Nine Christmases ago I made this little N-scale layout for my step-father-in-law. It suffered some wear and tear and never really lived up to my vision, so this year I stole it, updated it, and regifted it back to him.
Years ago John told me about his childhood train set. He remembered the thrill of watching the steamer come around the curve and the way he described it, I knew: He was one of us.
I try to encourage John’s inner model railroader, and sharing the hobby with him has opened up some common ground and allowed us to know each other better.
See? It’s not just about playing with trains.
The layout is a plywood box about 26″ x 18″ x 4″. The terrain is several layers of carved foam insulation. The track plan is an oval with one siding, and is operated by a DC powerpack.
Two things stand out when I consider the man my kids call “Grandpa John”: A love of sailing and (like most sailors) an affinity for fine spirits. He is also an incredibly kind man who treats people with generosity and grace. But sailboats and booze are easier to model.
Accordingly, the single industry is a backwoods distillery called John’s Hooch. Out back I made an illegal-looking still from a thumbtack, a short piece of metal tubing and some wire.
I always intended the central scene of the layout to be a lake with sailboats, but when I first built the thing I had neither the budget nor the time to pull it off. I settled for a dry creek bed and a Design Preservation Models building on the bank.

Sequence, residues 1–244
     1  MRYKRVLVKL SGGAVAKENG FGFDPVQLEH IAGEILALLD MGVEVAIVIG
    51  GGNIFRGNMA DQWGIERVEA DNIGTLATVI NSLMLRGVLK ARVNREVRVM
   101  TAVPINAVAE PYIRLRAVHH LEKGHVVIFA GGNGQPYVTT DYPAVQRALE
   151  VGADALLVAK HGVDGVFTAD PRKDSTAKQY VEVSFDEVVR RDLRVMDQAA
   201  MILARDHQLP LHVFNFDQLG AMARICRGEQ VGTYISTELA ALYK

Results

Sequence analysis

This year I filled the creek with layers of hydrocal. When the plaster dried, I sanded it smooth and filled any holes with lightweight spackle. I brushed the surface with black laytex paint, then feathered in some tan near the beach area.
The boathouse is an Imex model. I cut a sheet of styrene the width of the building and about an inch longer. I made a dock out of the overhang by covering it with scale 2x6s. I glued the first plank on a 45-degree angle across the dock using CA cement. When it was set firm, I simply worked my way across the dock one board at a time, letting them hang over the edges. Once I had all the boards in place, I trimmed them with a sharp hobby knife and a straight edge.
I then glued the building to the styrene foundation with CA.
Lengths of round toothpicks serve as the pilings and the roof support.
I glued the building assembly to the layout with white glue, then graded around it with fine ballast secured with diluted white glue.
The sailboats came from Wiking sets. They are supposed to be rowboats. I trimmed the oarlocks from the top of the gunwales, then drilled holes in the front benches for masts I made from the sprues the boats came on.
The boat at the dock got a stowed sail sculpted of Squadron White Putty. The sail on the other boat is a piece of clear window glazing painted white.
Once the boathouse was in place and the boats were ready, I filled the lake with water. I used EnviroTex Lite, a two-part clear resin.
After the resin had set for about two hours, I floated the boats. They sank straight to the bottom, which fortunately was shallow enough that they still look afloat. EnviroTex takes 12-18 hours to fully cure. I’ve used it only once before and I like it, but still don’t have a handle on when to put things in so they don’t sink.
Finally, I went around the layout and updated the foliage. I added a few new Woodland Scenics trees and some ground foam where the old scenery had chipped.
This little layout was an OK diorama to begin with, and now I think it’s pretty good. It won’t win any contests, but it gives a latent railroader the thrill of watching his own trains.